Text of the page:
Thursday, December 06, 2007

Interview in an Instant: Jon Cruddas MP

We had some fantastic keynote speakers at the 2007 National Conference, and we were able to grab them after their speeches for a few in depth questions. In the first of our “Interviews in an Instant” Jon Cruddas MP shares his happiest moments, tips for STAR members, and his views on the future of asylum policy…

Jon Cruddas is MP for Barking and Dagenham. He bagan is political career as policy officer for the Labour Party in 1989 and proceeded to become Tony Blair’s deputy political secretary, in which post he worked on the introduction of the national minimum wage. In the 2001 general election he was elected to the House of Commons as MP for Dagenham. He has campaigned against the BNP in East London and has been heavily involved in “Anti-Fascist Fortnight”. Among other things Jon has opposed the limiting of asylum seekers rights, privatisation of the NHS, university top up fees, and was a participant in Refugee Week earlier this year.

When are you happiest?

Probably when I am out fishing, I was out fishing on Monday and I caught a barbel. It is the hardest fighting course fish in the country, but it is very environmentally sound the way we do it, barbless hooks and all the rest.

Which living person do you most admire, and why?

The great hero in our family was not a party political figure, we were an Irish catholic family, and it was Oscar Romero who was the household hero. He has now died in El Salvador. I don’t really have heroes like that I am afraid. Bobby Womack I suppose.

What do you consider to be your greatest achievement?

I don’t know, but I never thought I would be an MP, I still haven’t got used to the idea!

What first drew you to speaking/ writing about refugees and asylum seekers?

Really just my experience as an MP in London and what is going on in big communities like mine, which are changing rapidly. There are groups, hundreds of them, who have in effect been dis-invented. For public policy purposes they have ceased to exist. It is their plight which is extraordinary to witness and I see it every day, some of the most vulnerable people in society who are in the process of claiming refugee status, who have for many years are bounced around by the system, and are often abused by landlords, criminal gangs or employers. It is incumbent upon MPs to acknowledge them and try and help them. It comes back to why you get involved in politics in the first place.

How do you think attitudes towards refugees and asylum seekers have changed in the past 5 years?

Well I think things are difficult. The terms of debate have got worse over the years. The term refugee has become contaminated; it needs to be rehabilitated through the testimonies of those concerned, and through actually re-establishing the principles of our society and acting on the behalf of the vulnerable, internationally and domestically.

What are the key challenges in securing a government asylum policy that is humane and treats refugees with respect?

Partly it is about dismantling the terms of the current debate, which collapses the issues of migration and asylum into one and increasingly takes on a dangerous racial tenor. It is only by mature isolation of the different elements of the debate and providing different remedies that we can actually shift the contours of debate. The film, Still Human Still Here, can I think have great impact if we use it. It is a very moving piece of work. I think culturally things are shifting, if you look at the work of filmmakers like Nick Broomfield and Ken Loach (who did a brilliant piece on the abuse of migrant workers) it is just the political classes that are lagging behind. But there is a bedrock of support for a more radical agenda in Parliament. That support isn’t party political but is a more humane approach that seeks to rehabilitate the term refugee. But it is difficult.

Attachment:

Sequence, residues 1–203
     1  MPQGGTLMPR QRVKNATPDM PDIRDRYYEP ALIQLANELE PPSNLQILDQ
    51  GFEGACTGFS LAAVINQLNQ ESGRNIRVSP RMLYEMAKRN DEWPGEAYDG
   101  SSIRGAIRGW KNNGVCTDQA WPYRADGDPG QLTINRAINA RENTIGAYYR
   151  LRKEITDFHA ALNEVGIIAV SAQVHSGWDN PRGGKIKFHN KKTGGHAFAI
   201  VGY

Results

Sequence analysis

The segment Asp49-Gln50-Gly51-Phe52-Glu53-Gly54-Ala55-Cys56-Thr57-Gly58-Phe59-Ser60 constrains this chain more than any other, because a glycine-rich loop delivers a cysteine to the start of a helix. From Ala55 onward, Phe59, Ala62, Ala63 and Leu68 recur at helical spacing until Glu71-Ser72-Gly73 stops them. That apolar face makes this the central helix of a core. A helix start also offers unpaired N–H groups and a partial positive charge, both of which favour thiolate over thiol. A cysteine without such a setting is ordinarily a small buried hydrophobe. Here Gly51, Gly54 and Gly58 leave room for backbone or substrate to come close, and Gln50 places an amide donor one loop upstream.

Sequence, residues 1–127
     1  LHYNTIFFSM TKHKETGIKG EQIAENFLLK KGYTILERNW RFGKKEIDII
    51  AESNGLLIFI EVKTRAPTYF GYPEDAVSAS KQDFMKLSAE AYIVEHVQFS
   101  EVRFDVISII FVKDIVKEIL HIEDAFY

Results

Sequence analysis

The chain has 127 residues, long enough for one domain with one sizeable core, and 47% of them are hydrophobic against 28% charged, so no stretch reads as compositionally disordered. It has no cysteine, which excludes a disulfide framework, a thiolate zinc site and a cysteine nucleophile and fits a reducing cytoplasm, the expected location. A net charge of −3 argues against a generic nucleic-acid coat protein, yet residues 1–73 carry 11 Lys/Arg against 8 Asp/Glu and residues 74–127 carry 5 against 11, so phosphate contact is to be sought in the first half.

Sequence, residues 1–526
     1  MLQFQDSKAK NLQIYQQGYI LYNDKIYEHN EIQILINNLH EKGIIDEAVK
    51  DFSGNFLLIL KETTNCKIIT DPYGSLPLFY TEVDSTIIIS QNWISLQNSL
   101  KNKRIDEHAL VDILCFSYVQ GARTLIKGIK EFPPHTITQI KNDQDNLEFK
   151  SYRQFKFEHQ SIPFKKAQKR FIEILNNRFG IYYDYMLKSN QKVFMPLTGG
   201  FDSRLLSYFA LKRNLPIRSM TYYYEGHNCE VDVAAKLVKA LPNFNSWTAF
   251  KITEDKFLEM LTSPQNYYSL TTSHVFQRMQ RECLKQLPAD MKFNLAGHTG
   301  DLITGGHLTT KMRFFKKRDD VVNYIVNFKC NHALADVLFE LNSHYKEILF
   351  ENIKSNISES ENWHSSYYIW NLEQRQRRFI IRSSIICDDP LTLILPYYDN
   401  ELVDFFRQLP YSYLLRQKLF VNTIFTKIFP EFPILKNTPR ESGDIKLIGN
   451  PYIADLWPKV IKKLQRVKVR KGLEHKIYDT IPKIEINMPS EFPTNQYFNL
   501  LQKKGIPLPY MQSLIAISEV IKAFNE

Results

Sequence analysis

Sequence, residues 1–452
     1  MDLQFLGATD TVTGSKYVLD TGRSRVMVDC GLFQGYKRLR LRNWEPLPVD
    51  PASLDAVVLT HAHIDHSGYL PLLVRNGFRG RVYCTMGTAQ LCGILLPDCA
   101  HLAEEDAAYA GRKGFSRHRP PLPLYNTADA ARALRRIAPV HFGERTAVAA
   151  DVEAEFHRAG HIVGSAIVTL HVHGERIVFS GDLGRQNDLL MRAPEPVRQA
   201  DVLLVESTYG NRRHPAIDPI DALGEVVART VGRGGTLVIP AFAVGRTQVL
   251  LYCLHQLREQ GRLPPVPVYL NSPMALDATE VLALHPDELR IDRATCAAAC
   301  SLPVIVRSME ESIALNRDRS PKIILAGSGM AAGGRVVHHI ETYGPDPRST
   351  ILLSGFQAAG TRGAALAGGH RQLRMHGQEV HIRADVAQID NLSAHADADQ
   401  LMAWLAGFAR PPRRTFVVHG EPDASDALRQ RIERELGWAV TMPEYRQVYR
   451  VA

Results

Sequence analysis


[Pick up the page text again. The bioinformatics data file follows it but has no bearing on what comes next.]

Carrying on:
What do you think can be done to encourage responsible media coverage of asylum and refugee issues?

I think by the type of campaigning built around personal testimony, it is very moving and I think the British people will respond. I think that confidence also has to be re-established in the basic bureaucracy surrounding the Home Office. The lack of confidence in Home Office procedure undermines people’s capacity to be moved and act in a humane way, if they think that systemically things are not working.

Drawing on your work and experiences, if you could make one thing known to the world about what it is like to be a refugee, what would it be?

I would try to demonstrate their plight by showing how the current system ignores people, often with children, and traps them so that they can’t go anywhere. If people could be made to understand how they suffer from compound abuse, from landlords etc. that would allow us to have a more humane rational debate. It is the level of ignorance around the real facts that we have to change.

What top tips would you give to STAR members attempting to improve the position of refugees and asylum seekers in the UK?

I would just say keep on going, it is not good at the moment, this is tough terrain, but it is a categorical imperative to carry on this work, not least because it is so difficult.

If you could single handedly implement one change in UK Asylum Policy what would it be?

I would allow asylum seekers to work legally, because not allowing them plays in to the hands of this mindset that they are taking things, and undermines the capacity to have a rational debate about what they are fleeing from and the contribution that they wish to make. It plays into the hands of those who want to demonise and stigmatise them. Allowing them to work is both rational and sensible.

Posted by Russell Brooks on 06/12/2007 at 01:16 PM